Prostate Screenings And What You Need To Know

Prostate Screenings And What You Need To Know

A number of health conditions can cause urinary retention. Some conditions are minor, and some are more serious. Read on to find out more.

Starting at age 50, all men should discuss undergoing a prostate cancer screening with their doctor. While the idea of getting a prostate exam doesn’t sound like too much fun, it is an important measure to make to ensure your health and wellbeing.

What is your prostate?

Your prostate is a walnut-sized gland located near your bladder. It sits around the urethra, which is the tube that carries pee from your bladder through your penis. The prostate produces some of the fluids contained in your semen, the liquid that transports sperm. This liquid contains special enzymes and hormones that help your sperm cells function properly, playing a key role in fertility.

Why undertake a prostate exam?

A prostate exam typically involves a digital rectal exam (DRE) and a test for prostate-specific antigen (PSA) levels. A prostate exam can help your doctor diagnose prostate cancer. Symptoms may include: 

  • Frequent urination
  • Weak or interrupted urine flow or the need to strain to empty the bladder
  • The urge to urinate frequently at night
  • Blood in the urine
  • Blood in the seminal fluid
  • New onset of erectile dysfunction
  • Pain or burning during urination, which is much less common
  • Discomfort or pain when sitting, caused by an enlarged prostate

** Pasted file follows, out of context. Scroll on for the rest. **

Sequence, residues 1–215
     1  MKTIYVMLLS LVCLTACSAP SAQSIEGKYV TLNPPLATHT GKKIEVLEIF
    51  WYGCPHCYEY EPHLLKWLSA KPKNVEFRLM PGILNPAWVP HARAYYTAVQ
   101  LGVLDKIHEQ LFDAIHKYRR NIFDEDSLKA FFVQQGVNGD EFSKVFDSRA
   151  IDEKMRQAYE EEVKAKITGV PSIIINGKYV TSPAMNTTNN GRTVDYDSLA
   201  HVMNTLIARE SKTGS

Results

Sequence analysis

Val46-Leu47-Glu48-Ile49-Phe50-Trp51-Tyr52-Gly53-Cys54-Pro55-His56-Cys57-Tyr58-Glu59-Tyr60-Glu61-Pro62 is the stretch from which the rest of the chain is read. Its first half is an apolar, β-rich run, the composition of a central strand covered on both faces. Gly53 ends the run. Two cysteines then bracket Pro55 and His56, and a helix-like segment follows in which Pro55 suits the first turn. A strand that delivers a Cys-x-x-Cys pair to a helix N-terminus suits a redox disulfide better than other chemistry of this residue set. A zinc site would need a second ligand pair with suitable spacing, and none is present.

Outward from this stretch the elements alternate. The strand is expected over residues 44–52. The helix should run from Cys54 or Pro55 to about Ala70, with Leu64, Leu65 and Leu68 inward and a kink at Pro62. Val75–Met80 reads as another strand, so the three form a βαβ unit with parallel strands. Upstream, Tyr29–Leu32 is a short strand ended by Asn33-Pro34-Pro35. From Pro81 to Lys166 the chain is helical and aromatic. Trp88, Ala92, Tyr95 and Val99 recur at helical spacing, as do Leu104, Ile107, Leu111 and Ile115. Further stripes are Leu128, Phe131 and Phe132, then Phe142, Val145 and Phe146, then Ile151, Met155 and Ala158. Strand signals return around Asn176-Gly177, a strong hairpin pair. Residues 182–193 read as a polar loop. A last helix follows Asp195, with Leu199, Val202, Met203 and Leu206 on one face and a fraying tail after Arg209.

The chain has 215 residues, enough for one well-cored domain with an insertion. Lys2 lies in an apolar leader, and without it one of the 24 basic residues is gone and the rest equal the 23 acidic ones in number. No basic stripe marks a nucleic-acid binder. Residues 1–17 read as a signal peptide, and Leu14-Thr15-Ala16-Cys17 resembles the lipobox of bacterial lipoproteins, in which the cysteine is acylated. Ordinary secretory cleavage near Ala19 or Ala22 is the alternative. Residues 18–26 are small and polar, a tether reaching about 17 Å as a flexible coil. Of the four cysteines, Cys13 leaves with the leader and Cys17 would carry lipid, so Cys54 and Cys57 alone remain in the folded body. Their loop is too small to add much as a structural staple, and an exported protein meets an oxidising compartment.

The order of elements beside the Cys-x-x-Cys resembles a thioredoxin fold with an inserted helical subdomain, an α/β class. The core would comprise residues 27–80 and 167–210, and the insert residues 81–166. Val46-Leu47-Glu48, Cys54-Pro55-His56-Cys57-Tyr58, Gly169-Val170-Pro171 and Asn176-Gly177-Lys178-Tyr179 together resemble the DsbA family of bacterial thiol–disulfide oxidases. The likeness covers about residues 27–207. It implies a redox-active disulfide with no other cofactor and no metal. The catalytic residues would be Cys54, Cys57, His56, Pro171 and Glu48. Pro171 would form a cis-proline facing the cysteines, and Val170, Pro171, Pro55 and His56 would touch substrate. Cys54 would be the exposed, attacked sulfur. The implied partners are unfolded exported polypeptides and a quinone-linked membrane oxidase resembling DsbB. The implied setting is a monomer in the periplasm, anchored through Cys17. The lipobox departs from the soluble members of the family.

Your doctor may also want to perform a prostate exam if you have symptoms of an enlarged prostate. Symptoms may include:

  • difficulty peeing, including getting started or getting a strong or steady ‘flow’
  • needing to pee often
  • needing to pee suddenly, without the normal build-up
  • waking up at night to go to the toilet
  • pain or burning when peeing
  • or pain when ejaculating.

The symptoms of an enlarged prostate are sometimes quite similar to those of prostate cancer, making it important to tell your doctor if you’re experiencing any of these symptoms, even if you are younger than 50. 

What is involved in a prostate screening? 

The most common way for doctors to check on the health of your prostate is with a digital rectal exam (DRE). It’s a fairly quick and simple procedure. For the exam, you’ll bend at the waist while standing or lie on your side with your knees bent toward your chest.
Your doctor will lubricate a gloved finger and gently place it inside your rectum. They’ll press one hand on your prostate, and their other hand will feel your pelvic area. It should only take a few moments. From this, your doctor will be able to tell you if your prostate seems to be a normal size and shape.

Your doctor may also test your blood for PSA levels to screen for prostate cancer. PSA is a protein that helps liquefy semen. It’s normal for some PSA to get into your bloodstream. Certain forms of prostate cancer can lower your PSA. It is important to discuss a PSA test with a trusted healthcare professional to ensure it is the right option for you.

Your doctor may also choose an MRI, prostate biopsy or ultrasound as part of the screening.

What next?

While the some of results will be immediate, the screening may take up to a few days for analysis. Your doctor will then recommend the next steps which are appropriate for you. 

It is essential to become well-informed and educated regarding the options and treatment methods available to you. If you have any questions or would like to book an appointment, please feel free to contact or call Dr Arianayagam’s office on 1300 307 990 and his staff will be able to assist.

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Prostate Screenings And What You Need To Know

A number of health conditions can cause urinary retention. Some conditions are minor, and some are more serious. Read on…

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